By now you’re asking, “ok, so what does the mastering engineer do that’s different?” The mastering engineer takes every recording he gets and makes it fit into an industry standard sized ‘box.’ This box, unlike the boxes previously, is the same size no matter where you go. We call this box the Red Book standard, what you know as a compact disc. Basically the CD format uses .wav files at a sampling rate of 44.1kHz and 16-bit resolution [it’s much more complicated than this but this will suffice for the topic at hand]. Since this box is standard it should be able to fit just about anywhere, and it does! You can playback a CD-quality mastered track on a variety of formats such as a car stereo, home stereo, laptop, or into a giant club PA system and it should sound fairly consistent across the board.


I hope that this gives you a better understanding of these two processes however I’d like to leave this article on a few notes:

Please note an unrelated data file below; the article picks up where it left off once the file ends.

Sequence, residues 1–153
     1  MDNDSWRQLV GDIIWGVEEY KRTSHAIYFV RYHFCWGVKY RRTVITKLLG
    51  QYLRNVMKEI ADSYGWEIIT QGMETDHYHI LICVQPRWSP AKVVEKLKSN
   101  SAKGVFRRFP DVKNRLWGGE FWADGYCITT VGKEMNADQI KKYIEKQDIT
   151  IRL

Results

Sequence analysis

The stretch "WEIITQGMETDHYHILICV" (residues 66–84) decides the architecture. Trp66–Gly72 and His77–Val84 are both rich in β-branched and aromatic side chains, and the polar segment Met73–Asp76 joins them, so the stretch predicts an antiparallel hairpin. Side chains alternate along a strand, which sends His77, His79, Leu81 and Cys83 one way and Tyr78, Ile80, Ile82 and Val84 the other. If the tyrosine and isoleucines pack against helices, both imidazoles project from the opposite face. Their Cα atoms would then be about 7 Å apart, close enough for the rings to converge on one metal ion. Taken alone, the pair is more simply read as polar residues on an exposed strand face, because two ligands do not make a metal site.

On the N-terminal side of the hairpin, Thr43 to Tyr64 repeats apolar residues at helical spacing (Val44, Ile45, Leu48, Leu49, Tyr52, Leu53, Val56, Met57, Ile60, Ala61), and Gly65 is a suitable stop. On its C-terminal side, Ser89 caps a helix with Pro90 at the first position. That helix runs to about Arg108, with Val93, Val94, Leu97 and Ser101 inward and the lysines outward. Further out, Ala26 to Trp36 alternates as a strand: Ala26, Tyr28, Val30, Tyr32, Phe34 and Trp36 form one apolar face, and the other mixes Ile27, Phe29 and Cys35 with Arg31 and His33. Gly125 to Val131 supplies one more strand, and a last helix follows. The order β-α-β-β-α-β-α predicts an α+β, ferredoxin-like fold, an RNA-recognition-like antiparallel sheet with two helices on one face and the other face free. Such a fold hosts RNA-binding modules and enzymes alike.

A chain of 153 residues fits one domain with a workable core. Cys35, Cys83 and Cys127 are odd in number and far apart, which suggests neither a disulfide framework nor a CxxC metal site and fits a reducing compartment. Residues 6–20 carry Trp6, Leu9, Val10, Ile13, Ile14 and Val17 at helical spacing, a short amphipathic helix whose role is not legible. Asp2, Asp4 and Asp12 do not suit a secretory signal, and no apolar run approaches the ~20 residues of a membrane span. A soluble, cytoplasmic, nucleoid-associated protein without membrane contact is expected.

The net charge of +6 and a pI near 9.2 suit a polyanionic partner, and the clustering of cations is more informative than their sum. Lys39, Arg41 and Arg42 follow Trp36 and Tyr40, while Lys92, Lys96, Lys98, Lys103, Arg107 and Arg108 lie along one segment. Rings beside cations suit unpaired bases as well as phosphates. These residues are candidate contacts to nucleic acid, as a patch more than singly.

1. There are different kinds of mastering other than the one approach I’ve listed above. Even though we live in a digital age vinyl mastering is still alive and well! Clients also have different needs than just Red Book CD quality mastering, there are different mastering skills required for radio format, laptop/mobile device format, broadcast TV format, and so on. The main idea to retain is that each approach has its respective standard—or ‘box’—and these boxes each have their own unique restrictions and limitations. With that in mind mastering can probably best be thought of as a process that presents audio in the most sonically pleasing manner given a medium’s particular set of restrictions.